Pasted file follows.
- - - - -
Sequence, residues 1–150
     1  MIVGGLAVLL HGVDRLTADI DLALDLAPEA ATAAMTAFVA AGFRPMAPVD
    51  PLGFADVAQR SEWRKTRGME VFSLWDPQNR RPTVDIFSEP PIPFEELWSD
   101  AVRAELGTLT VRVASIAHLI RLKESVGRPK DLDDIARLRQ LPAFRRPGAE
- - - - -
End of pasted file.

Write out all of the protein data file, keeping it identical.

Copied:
Sequence, residues 1–150
     1  MIVGGLAVLL HGVDRLTADI DLALDLAPEA ATAAMTAFVA AGFRPMAPVD
    51  PLGFADVAQR SEWRKTRGME VFSLWDPQNR RPTVDIFSEP PIPFEELWSD
   101  AVRAELGTLT VRVASIAHLI RLKESVGRPK DLDDIARLRQ LPAFRRPGAE